Patient Work

One of the (many!) things I love about Human Factors/Ergonomics (HF/E) specialists is that a large chunk of their work involves studying, describing and naming “everyday” human experiences. So when I am listening to their presentations or reading their articles, it is not uncommon for me to have an “A-ha!” moment where they describe something that is very familiar to me. “Oh, that’s what that’s called!” or “Phew! I thought I was the only one that did that sort of thing!”. A relatively recent example of this for me was as at the Human Factors and Ergonomics Society of Australia conference (HFESA17) last year. This time, the everyday experience that now had a name was “Patient Work”. Continue reading “Patient Work”

15 Minutes of Fame

I’ve previously made it into the news a handful of times as a result of my melanoma and immunotherapy treatment. It was nice to make it in this time for something other than having cancer!

‘Human factors’ science turns to tackle improving outcomes in hospitals

‘Human factors’ science turns to tackle improving outcomes in hospitals

Research is underway looking at how ergonomics impacts patients in hospital with the aim of boosting the provision of care.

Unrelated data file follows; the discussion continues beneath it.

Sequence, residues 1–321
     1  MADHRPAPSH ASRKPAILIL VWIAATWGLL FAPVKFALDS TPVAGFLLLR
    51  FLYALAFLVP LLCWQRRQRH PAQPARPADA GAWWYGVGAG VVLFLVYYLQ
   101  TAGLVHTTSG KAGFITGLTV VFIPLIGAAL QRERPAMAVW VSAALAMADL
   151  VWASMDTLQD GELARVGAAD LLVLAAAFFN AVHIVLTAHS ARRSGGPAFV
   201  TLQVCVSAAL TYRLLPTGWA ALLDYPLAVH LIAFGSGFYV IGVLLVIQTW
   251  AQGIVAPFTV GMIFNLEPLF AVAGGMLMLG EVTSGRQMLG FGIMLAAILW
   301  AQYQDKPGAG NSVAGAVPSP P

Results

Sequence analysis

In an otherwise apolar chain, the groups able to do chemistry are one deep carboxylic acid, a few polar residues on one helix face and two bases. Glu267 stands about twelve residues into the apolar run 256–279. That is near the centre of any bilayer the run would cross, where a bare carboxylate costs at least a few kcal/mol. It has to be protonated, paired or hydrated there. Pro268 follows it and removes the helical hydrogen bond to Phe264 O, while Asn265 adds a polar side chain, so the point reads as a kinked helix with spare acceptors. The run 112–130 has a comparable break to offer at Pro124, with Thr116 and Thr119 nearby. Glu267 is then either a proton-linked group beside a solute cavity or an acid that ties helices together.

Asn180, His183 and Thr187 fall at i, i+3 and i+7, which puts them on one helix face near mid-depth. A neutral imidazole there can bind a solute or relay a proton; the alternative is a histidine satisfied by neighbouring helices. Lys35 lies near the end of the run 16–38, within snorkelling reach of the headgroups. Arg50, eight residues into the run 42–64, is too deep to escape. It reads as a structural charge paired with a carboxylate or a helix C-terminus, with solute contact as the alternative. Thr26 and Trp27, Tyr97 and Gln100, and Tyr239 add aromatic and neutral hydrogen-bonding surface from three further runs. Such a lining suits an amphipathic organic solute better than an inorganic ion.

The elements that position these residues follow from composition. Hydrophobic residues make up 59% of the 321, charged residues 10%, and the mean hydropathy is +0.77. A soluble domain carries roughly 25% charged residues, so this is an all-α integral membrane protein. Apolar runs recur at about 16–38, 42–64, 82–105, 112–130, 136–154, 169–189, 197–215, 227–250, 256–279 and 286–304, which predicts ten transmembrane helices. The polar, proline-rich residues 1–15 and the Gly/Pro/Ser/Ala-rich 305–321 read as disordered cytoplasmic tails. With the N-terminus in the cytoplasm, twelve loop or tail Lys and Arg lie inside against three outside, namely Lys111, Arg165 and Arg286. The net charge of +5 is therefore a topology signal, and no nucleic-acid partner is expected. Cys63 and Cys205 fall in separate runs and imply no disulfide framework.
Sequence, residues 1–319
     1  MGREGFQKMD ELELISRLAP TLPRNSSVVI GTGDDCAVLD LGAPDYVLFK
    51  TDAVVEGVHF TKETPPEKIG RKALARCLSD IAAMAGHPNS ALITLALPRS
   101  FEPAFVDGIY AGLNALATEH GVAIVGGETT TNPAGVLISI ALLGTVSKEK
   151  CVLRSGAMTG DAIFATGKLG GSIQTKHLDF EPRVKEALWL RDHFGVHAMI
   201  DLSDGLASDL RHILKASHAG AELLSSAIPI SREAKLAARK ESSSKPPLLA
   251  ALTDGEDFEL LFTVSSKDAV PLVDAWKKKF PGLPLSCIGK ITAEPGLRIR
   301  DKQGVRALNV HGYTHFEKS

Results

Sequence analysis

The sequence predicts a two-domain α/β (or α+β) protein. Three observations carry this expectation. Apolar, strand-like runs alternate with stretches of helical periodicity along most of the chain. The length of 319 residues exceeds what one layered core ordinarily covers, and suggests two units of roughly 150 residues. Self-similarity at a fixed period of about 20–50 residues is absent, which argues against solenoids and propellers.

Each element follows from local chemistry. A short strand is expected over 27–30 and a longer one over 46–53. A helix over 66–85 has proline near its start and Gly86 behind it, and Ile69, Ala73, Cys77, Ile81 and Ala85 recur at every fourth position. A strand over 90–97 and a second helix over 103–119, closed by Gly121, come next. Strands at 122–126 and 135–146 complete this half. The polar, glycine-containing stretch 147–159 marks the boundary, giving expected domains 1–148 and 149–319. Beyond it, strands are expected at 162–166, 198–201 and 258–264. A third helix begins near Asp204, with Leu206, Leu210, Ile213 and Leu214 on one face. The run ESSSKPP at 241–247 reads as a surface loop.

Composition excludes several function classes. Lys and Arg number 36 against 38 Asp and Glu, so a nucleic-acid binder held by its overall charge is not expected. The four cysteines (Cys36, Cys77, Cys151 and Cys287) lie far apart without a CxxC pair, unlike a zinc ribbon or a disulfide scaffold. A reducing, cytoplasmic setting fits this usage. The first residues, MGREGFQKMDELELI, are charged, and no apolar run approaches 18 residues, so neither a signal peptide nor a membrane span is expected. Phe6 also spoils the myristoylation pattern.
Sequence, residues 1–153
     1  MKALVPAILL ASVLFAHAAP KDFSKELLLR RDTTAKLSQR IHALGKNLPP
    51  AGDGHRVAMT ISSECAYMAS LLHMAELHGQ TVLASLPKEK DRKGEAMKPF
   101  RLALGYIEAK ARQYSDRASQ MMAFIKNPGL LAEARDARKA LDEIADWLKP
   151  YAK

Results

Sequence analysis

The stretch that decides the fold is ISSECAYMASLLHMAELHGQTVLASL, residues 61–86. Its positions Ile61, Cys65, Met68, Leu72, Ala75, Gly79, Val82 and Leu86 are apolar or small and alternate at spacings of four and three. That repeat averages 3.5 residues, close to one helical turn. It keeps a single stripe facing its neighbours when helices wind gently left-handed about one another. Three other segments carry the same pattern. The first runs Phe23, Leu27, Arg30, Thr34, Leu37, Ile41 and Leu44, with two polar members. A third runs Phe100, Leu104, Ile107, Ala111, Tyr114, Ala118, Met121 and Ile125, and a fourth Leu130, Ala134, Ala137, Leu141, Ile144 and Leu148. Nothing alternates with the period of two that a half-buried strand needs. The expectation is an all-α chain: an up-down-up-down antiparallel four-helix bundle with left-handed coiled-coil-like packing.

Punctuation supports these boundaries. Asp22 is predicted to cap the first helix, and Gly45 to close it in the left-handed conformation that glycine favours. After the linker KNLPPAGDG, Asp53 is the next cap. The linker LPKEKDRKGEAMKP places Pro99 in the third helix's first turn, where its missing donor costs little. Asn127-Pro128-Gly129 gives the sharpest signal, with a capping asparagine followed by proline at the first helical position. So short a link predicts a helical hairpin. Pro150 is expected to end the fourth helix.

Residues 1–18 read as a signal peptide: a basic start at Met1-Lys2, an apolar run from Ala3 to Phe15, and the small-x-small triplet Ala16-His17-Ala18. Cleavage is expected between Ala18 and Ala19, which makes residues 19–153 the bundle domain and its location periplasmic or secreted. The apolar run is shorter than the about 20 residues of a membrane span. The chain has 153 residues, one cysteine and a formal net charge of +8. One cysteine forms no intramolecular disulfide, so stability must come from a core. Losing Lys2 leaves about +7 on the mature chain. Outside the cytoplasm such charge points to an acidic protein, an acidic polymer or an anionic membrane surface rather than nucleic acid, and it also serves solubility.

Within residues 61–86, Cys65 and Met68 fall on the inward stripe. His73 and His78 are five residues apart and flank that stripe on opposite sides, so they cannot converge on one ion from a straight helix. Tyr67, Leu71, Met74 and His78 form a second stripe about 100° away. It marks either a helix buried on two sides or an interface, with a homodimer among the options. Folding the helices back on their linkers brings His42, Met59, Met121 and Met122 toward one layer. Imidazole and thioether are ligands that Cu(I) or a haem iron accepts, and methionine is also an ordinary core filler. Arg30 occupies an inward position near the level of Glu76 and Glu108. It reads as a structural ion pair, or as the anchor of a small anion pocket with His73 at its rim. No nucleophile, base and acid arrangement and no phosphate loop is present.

Cancer and work: A compatible duo?

The question “Cancer and work: A compatible duo?” was posed by the headline of an SMH article. My current answer is “Just barely!”

I can certainly relate to a lot of the issues discussed in the article about the pros and cons of working following a life changing medical diagnosis. But it should be obvious that there is no clear cut answer to the question, and it will inevitably change over time for any given individual as a result of disease progression/regression, as well as the duration, impact, and side-effect of any treatments. Following my diagnosis, the presence of brain mets meant that working (and many other things!) was immediately off the cards due to patient safety concerns. Not that i could’ve worked anyway due to my emotional state and the torrent of further investigations and medical appointments that came my way. and the prognosis was so bad that i gave up any hope of a return to work. However, following my dramatic response to treatment, and a gradual improvement in my symptoms, the theoretical possibility of returning to work arose. I was still in two minds though, trying to weigh up the benefits of working mentioned by the author, but has he also points out, working was now less of a priority for me, and i didn’t know how long my improved health would last. In the end, i did make to gradual transition back into the work force, but even now i still feel the tension of that question, as being sick is still essentially a part-time job in and of itself for me, with all the ongoing medical appointments, scans and blood tests. There is also the new and unusual side-effects that crop up from time to time from the immunotherapy, as well as the side-effects from the drugs used the treat the side-effects! So while i am managing to combine cancer and work at the moment, it is a question i will need to keep asking myself from time to time.